We’re now looking at a stage where we’re looking for people to help us out with some focus group research. If you’re near Edinburgh and willing to take part, please get in touch in the link below:
Project Ginsberg is a collaboration between Scottish Government and NHS 24, to develop a digital platform that helps people to manage times when they feel distressed or have trouble coping, for whatever reason. At this early stage of development, we would like to invite you to participate in a focus group to help to develop our ideas and ensure they are relevant to the Scottish public. You would be paid £15 for your time. You can sign up here: https://www.surveymonkey.com/
Pop-up events such as flash mobs and geocaching have given rise to a new form of gaming that transforms the city into a playground. Take a light-hearted look at the role of play in society and be the first to spot the gaming trends of the future as you play brand new games including Ninja, Gargoyls and the outrageously rude Swordfight which puts the joystick controls of the Atari 2600 to a new and unique use.
Due to the popularity of FindMe(Autism), a new major update is to be released now.
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The app has seen over 50,000 downloads and is one of the most popular autism apps available.
Updating the existing free app, this release will make FindMe(Autism) finally available for the iPhone and iPod Touch. The iPhone version will be exactly the same as the iPad app, so parents and teachers can use the app on the go.
In addition, this new release will add two major features.
The first feature is a brand new mode added to the game. This new mode essentially encourages the players to recognise what the character is pointing to or looking at. Starting with a pointed finger, the character asks the child to tap on what object they are pointing to. The game gets progressively harder as the character begins to simply look at the item. This mode introduces 11 new levels to the pre-existing ones available in the free app.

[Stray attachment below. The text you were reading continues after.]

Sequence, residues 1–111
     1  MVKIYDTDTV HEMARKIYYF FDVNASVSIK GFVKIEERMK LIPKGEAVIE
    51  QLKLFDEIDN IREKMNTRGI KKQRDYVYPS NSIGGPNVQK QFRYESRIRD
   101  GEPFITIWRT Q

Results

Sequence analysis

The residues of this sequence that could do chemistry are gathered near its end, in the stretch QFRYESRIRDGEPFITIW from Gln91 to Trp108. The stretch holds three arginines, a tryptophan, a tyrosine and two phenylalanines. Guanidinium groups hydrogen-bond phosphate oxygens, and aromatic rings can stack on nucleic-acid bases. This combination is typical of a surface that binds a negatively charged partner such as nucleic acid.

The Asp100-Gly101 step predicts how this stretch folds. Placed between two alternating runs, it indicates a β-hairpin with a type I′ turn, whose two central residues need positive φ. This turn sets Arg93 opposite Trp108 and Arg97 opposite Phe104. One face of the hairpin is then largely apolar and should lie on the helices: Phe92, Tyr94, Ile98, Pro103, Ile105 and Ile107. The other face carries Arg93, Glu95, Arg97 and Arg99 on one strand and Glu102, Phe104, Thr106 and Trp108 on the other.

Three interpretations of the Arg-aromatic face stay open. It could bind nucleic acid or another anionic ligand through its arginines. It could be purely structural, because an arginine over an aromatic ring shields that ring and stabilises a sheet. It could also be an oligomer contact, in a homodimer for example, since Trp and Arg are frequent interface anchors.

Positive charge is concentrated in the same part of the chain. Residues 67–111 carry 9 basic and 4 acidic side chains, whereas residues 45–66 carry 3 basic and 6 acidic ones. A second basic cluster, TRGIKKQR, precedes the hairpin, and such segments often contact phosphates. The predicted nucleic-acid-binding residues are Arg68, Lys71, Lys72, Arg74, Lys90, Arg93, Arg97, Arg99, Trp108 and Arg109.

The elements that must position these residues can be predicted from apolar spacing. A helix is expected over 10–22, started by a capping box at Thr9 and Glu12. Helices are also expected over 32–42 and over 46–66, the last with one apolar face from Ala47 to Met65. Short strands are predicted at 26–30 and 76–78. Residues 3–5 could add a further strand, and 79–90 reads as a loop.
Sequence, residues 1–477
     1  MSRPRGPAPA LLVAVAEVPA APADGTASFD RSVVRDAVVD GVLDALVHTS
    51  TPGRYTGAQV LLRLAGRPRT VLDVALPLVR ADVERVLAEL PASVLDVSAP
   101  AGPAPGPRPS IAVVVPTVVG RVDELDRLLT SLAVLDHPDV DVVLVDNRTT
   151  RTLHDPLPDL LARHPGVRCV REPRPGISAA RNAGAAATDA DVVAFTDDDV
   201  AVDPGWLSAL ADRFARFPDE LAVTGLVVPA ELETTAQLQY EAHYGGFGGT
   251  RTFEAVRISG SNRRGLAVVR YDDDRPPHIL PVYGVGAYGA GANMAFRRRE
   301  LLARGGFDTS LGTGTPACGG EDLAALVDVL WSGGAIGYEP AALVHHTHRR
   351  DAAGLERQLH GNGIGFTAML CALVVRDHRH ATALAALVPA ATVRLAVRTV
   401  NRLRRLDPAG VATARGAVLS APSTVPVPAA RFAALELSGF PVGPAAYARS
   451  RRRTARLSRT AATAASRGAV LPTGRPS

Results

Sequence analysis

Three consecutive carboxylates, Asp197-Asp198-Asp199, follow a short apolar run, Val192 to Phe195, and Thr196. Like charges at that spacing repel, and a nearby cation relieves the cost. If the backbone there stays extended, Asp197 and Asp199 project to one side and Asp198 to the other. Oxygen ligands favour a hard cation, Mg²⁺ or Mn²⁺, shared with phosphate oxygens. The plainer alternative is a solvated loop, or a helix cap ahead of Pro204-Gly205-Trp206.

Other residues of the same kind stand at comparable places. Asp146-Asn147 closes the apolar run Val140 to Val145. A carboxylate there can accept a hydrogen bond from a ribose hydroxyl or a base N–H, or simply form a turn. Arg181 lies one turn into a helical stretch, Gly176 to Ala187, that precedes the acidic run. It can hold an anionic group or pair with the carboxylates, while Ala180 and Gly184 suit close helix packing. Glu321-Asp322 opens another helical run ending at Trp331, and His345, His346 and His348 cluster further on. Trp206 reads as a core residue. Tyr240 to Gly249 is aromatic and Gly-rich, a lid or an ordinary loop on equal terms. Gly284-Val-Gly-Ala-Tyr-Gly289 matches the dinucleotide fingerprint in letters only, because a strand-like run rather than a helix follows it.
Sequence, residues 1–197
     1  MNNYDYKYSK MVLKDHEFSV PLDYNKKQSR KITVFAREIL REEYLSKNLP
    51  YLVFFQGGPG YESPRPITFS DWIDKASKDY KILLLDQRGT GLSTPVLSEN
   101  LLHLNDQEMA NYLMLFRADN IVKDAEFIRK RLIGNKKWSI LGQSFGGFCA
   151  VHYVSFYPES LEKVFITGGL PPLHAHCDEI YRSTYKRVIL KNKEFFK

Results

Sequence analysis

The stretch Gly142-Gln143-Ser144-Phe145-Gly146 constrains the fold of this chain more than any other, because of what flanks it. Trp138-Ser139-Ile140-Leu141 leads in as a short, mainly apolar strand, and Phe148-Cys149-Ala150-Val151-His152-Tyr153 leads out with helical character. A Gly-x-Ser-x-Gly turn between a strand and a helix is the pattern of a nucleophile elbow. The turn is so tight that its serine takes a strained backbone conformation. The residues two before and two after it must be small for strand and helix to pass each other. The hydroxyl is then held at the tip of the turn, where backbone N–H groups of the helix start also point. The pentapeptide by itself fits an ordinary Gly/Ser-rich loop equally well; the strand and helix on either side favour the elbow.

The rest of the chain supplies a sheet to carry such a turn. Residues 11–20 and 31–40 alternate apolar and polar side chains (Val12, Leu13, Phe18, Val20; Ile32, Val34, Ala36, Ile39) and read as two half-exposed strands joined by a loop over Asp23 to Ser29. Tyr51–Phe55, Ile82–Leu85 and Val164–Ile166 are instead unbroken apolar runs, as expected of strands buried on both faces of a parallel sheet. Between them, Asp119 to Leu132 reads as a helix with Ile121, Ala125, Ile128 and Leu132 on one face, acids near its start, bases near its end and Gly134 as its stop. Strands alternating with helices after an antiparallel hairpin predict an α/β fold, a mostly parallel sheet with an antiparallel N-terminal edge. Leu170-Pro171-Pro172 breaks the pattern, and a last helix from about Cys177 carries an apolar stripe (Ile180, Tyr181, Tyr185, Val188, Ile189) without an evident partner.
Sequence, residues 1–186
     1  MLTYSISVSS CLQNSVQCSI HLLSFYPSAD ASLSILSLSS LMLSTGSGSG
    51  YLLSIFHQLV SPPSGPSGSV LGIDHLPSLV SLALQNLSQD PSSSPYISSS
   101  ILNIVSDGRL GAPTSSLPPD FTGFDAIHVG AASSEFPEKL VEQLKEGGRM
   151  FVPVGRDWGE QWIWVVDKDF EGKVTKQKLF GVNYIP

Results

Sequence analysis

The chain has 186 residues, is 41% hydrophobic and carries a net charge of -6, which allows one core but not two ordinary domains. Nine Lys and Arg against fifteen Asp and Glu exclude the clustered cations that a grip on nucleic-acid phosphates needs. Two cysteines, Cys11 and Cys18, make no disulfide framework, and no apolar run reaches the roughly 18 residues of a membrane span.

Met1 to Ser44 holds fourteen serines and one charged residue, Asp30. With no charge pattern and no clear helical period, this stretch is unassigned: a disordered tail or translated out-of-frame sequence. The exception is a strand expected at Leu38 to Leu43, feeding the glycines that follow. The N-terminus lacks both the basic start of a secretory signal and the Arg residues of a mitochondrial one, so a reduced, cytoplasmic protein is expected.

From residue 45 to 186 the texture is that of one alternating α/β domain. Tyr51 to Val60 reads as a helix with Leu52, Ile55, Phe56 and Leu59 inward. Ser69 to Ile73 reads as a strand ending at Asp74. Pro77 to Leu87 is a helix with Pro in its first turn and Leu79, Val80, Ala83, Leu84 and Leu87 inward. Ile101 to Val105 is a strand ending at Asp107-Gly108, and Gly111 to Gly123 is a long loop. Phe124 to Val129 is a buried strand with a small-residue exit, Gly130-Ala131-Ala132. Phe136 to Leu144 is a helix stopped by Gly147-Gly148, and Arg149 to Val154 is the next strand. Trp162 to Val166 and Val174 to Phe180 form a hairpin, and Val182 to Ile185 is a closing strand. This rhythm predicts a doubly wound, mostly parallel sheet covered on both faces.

The second feature is the ability to record your own voice for items and instructions. This makes it possible to have the child’s own parents, teachers or even their own voices inside the game. This feature was built after numerous feedback from parents who wanted the instructions in their own language.
These two features will come at a small price of £4.99 ($7.99) each. This is done in order to recoup some of the costs involved in designing and developing the app. It will be also used to produce an android version of the app, which has also been a popular suggestion.
It is important to emphasise that the 4 levels available in the existing game is and will always be free for everyone to play.
All of these functionalities will bring a whole new audience to the game, as well as provide a whole new set of extensions to those familiar with it.
For press enquiries, please contact firstname.lastname@example.org in order to get an advance review of the updated game.
Hacking, making, tinkering … these are all terms to describe the sorts of things that we call ‘side projects’ which often takes up our evenings and weekends.
For some people, its getting their hands dirty with Raspberry Pi, for others, finding a intriguing way to commenerate their cat, making things is the best way to explore and experiment.
But often we do this alone. (For instance, one of my current side projects is building a small adventure game for the Edinburgh Sick Kids Hospital, but I haven’t shown it to anyone yet because it’s not finished!)